Numerical modelling of geotechnical applications requires appropriate soil models to obtain realistic and accurate results. In this respect, a simplified model like the linear elastic perfectly plastic Mohr-Coulomb model can be regarded as inappropriate, since it lacks important features of real soil behaviour. If you are still addicted to Mohr-Coulomb, it’s time to move on. In this blog I will explain why, and what are the better alternatives.
Compared to other ‘engineering materials’ like steel and concrete, soil is a much more complex material. Typical ‘engineering properties’ of soil, such as ‘strength’ and ‘stiffness’ depend on many other properties and on the particular conditions that apply in the situation at hand. For example, soil strength and stiffness depend on the stress level, the loading direction, the strain level, short or long term, density, over-consolidation, and several more. Stress-dependency and strain-dependency of stiffness and strength are some of the ‘features of soil behaviour’. Other features are compaction and dilatancy, drained or undrained behaviour (the latter involves a simultaneous change of pore water pressure), creep, anisotropy, structure, and several more.
Geotechnical Finite Element programs, like PLAXIS, use constitutive models to model the mechanical behaviour of soil and rock layers. Constitutive models, or in short, soil models or rock models, are a theoretical framework for the relationship between stress and strain (and time); it is the qualitative description of the soil or rock behaviour in the computer program. The linear elastic perfectly plastic Mohr-Coulomb model is a simple combination of Hooke’s law of isotropic elasticity and the generalised Mohr-Coulomb failure criterion formulated in a non-associated plasticity framework. This sounds complicated, but, in fact, it isn’t; it provides only a bi-linear stress-strain relationship, which is far from realistic, because it lacks many features of real soil behaviour.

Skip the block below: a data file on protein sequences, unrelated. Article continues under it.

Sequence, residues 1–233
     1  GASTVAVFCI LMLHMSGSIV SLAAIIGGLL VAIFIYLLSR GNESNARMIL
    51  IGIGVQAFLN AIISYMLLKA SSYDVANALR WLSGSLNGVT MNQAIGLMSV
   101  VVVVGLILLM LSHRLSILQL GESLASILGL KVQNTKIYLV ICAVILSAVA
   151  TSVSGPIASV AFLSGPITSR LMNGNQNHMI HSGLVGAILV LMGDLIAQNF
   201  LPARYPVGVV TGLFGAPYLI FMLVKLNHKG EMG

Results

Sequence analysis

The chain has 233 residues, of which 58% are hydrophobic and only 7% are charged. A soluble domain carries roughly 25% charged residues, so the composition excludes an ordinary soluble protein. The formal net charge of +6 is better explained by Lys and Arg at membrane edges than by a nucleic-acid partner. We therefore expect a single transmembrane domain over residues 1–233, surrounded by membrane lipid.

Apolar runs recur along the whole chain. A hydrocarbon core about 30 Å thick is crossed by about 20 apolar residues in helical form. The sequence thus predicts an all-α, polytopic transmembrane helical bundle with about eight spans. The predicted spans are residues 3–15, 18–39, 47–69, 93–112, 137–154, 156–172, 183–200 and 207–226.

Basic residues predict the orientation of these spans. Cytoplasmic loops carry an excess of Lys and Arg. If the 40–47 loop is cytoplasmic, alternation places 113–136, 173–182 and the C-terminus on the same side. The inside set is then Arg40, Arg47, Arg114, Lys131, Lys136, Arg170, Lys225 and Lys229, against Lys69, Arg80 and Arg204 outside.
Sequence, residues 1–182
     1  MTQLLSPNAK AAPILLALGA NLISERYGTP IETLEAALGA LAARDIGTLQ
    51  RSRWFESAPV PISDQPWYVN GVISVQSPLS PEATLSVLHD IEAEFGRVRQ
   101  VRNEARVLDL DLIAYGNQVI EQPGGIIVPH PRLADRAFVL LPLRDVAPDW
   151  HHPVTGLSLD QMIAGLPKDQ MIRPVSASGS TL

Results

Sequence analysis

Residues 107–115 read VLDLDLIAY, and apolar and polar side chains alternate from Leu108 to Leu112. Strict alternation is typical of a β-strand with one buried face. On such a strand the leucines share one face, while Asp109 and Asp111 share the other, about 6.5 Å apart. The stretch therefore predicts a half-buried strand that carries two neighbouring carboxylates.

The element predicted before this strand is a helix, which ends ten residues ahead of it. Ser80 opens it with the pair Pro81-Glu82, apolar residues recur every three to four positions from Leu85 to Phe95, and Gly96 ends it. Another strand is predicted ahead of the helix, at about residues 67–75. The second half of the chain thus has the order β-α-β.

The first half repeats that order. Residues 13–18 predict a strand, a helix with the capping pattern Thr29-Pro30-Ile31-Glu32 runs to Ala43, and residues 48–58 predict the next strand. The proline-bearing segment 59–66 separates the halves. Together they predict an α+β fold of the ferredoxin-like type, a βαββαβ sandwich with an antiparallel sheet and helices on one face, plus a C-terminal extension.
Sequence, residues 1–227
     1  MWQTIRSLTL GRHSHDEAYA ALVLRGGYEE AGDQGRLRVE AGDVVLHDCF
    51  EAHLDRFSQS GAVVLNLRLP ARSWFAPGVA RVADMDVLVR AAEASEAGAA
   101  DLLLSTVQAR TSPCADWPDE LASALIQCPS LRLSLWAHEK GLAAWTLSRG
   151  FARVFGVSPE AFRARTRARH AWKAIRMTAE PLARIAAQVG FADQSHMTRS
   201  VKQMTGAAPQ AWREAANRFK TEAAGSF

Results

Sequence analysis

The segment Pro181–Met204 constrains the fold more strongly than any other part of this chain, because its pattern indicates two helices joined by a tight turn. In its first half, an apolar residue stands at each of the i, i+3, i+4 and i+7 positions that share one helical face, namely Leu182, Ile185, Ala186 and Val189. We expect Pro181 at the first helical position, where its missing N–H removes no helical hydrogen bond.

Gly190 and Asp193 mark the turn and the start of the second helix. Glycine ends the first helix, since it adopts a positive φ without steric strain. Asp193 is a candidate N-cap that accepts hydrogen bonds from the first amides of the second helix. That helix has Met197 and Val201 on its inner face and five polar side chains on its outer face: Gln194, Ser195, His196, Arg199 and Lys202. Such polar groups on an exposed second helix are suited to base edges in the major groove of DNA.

More advanced soil models, such as the Soft Soil model and the Hardening Soil model with small-strain stiffness (HSsmall), are based upon more complicated theories. They have been validated based on many test results and several real-life applications. As a user, you do not need to fully understand the theories behind, as long as you are aware of the capabilities and limitations of the models and how to determine the corresponding parameters. Some constitutive models are more appropriate for soft soils; others are more appropriate for harder types of soils and some models are applicable for rocks or other engineering materials; and there are also special models for dynamic applications (earthquake simulations) or for temperature-dependent applications. It is important to choose the right model in accordance with the type of soil and the features of soil behaviour that are considered relevant for the application at hand.
Images shown below: Staged undrained construction of an embankment on soft soil
Image: Using Mohr-Coulomb model with effective strength parameters: No failure (stable)